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Published on July 5th, 2016 | by KBMOD Community


Review – Hearts of Iron IV

Empire39 is a KBMOD community member (and has been for over three years!). Anyone can submit content to the site by following the process at

Warfare hasn’t been this engaging and deep – yet still easy to get acquainted with – in quite awhile.

The Hearts of Iron series developed by Paradox Development Studio has a long and storied history back to the first release in 2002. The games have all the usual trappings of your classic Paradox grand strategy game; loads of byzantine mechanics, a laundry list of numbers that affect everything, and all of that complicated stuff that lives under the skin of all games. The difference is that in grand strategy games, they’re presented to you with the expectation that you’ll understand it.

So here’s some brief background of Hearts of Iron IV for you: the game is set from the years 1936-1948, and the mission is to guide a nation of your choosing through World War II. While the game presents the “Big Seven” (United States, Britain, France, Germany, Soviet Union, Italy, and Japan) as the best experiences, you can control any nation on earth, though your experience playing as one of the “minor” nations other than Poland or China will likely not be the best.


To say that Hearts of Iron is a pure game about war is a half-truth, however. You are in charge of pretty much everything from top to bottom of your nation. You need to control your nation diplomatically, militarily, and socially. Not only are you marching around troops on a map a la Risk, you’re allocating your resources and factories to keep them supplied, you’re managing relations with other nations, while all at once trying to keep your nation united and content in the face of war. When you start conquering other nations, you’ll need to ensure that they don’t rise in revolution. It’s a game where you don’t need to necessarily micromanage, but you need to keep on top of things. Your nation needs to be technologically and militarily ready for war at all times.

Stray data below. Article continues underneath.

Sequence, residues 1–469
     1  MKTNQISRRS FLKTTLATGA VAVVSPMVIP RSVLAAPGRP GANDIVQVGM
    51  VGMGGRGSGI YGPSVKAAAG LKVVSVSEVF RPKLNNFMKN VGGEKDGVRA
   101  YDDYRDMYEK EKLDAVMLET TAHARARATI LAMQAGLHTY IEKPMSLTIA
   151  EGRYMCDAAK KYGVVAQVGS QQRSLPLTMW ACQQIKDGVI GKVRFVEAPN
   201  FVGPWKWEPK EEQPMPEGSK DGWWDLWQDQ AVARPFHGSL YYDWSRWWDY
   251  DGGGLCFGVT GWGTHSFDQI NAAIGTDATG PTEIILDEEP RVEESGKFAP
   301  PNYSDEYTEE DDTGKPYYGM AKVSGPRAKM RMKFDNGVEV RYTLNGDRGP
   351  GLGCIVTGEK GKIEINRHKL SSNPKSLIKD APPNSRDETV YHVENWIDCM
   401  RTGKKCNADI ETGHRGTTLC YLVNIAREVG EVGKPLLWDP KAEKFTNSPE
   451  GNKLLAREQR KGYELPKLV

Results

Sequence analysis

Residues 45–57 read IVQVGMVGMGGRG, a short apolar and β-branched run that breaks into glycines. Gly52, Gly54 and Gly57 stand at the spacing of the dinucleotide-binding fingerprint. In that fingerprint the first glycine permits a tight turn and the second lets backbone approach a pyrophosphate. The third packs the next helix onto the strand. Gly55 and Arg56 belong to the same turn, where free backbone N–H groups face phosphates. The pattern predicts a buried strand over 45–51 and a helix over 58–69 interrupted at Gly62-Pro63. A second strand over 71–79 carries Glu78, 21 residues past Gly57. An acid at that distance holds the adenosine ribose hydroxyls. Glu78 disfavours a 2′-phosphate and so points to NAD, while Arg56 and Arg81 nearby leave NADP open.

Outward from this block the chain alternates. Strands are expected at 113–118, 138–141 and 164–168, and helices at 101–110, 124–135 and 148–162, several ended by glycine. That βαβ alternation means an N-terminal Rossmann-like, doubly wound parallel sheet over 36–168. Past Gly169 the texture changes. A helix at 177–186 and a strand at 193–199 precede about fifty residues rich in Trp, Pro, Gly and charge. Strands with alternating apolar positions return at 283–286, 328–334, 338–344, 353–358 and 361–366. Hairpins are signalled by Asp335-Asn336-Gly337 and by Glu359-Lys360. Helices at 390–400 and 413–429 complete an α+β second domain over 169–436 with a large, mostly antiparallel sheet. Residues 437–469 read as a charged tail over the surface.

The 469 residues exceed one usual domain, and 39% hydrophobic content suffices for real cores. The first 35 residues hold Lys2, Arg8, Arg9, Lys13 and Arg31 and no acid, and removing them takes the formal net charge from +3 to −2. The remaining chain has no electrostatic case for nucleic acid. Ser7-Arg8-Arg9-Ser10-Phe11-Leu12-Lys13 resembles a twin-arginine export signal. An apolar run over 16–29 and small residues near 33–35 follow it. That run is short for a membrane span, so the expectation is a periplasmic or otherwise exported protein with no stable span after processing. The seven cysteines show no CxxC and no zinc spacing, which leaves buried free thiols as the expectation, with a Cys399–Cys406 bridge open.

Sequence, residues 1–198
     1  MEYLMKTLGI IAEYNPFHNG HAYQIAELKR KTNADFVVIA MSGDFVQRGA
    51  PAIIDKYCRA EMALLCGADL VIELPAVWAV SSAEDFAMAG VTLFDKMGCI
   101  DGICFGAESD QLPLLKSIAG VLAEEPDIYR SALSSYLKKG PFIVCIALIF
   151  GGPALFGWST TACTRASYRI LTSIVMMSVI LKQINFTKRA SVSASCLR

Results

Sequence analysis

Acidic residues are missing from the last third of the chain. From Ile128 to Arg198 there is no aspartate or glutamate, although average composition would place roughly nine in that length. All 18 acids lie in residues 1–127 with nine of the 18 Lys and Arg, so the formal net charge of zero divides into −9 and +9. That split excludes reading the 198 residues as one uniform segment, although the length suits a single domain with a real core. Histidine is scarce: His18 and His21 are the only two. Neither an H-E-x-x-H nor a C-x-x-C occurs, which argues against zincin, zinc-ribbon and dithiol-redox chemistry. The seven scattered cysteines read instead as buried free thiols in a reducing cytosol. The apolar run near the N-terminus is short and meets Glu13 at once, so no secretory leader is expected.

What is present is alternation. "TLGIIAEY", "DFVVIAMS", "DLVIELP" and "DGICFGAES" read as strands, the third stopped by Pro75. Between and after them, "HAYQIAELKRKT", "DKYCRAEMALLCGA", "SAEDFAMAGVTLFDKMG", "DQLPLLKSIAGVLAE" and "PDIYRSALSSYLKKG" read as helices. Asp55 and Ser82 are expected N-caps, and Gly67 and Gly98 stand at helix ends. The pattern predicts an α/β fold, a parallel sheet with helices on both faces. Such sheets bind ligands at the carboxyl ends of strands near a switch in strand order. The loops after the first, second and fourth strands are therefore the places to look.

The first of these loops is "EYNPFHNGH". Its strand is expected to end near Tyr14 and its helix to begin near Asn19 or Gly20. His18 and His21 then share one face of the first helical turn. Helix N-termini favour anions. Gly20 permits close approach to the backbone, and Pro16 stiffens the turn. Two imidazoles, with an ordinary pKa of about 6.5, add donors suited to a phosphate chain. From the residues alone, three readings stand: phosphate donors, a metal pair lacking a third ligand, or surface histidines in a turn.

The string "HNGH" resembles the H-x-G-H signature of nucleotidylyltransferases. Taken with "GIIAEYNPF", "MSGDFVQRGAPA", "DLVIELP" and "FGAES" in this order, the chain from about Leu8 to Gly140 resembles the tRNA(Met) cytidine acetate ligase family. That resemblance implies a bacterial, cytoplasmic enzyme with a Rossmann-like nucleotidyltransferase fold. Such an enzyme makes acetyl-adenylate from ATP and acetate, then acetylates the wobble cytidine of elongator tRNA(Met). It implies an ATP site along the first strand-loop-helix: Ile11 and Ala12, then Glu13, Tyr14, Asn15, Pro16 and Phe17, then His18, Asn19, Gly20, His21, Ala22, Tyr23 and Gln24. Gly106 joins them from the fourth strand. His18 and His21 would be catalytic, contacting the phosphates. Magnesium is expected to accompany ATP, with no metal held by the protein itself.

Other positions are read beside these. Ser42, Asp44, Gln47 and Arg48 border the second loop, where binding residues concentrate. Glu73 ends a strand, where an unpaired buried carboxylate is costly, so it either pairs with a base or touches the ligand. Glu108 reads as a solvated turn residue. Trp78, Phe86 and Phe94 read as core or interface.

This is all great in the abstract but in order for people to get a true sense of what the game is like, I’ll tell an anecdote. In my first playthrough, rather than play as a major power, I decided to see if I could turn back the fascist tide as Poland. Poland has a unique focus tree (sort of like a mission system) that allows them to do some weird stuff. So I went ahistorical, and formed Międzymorze – better known in English as “Intermarium.” This proposed Polish-led alliance would unite all the countries between the Baltic, Black, and Mediterranean Seas in an effort to foil the Germans and Soviets, and never came to be in real life. However, I failed miserably. I could only get the Baltic countries to join Międzymorze, and when the Germans came knocking in 1939, I folded instantly as the Polish did in real life. I didn’t know the mechanics well, and I had made a foolish choice of alliances.


I started up again as Poland; this time, battle-hardened and determined to fight. I turned “historical AI focus” off, which means that the AI controlling the other nations will randomly do things in ahistorical ways, which can lead to some zany results. In this life, I flipped my country to Communist and joined the Soviet-lead Comintern, a pretty grand alliance block. I used my failures as fuel to build up the Polish army, air force, and navy into a powerful force capable of stemming the German tide. I spent two years building forts on the border, and I was ready to defend.

However, the ahistorical AI went nuts. Britain invaded the Netherlands and Belgium to “protect” them from Nazi aggression. Hitler bypassed the events that lead him historically to invade Poland; instead, he used Hungarian claims to invade Romania to get those sweet oil fields in early 1940. The Allies joined in, and suddenly, the Nazis are in a precarious situation. Not only do they have to defend the French border, but also the Belgian and Dutch border, as the British have taken these nations over. Most of their troops are trying to beat Romania, leaving our border undermanned. I smelled blood in the water.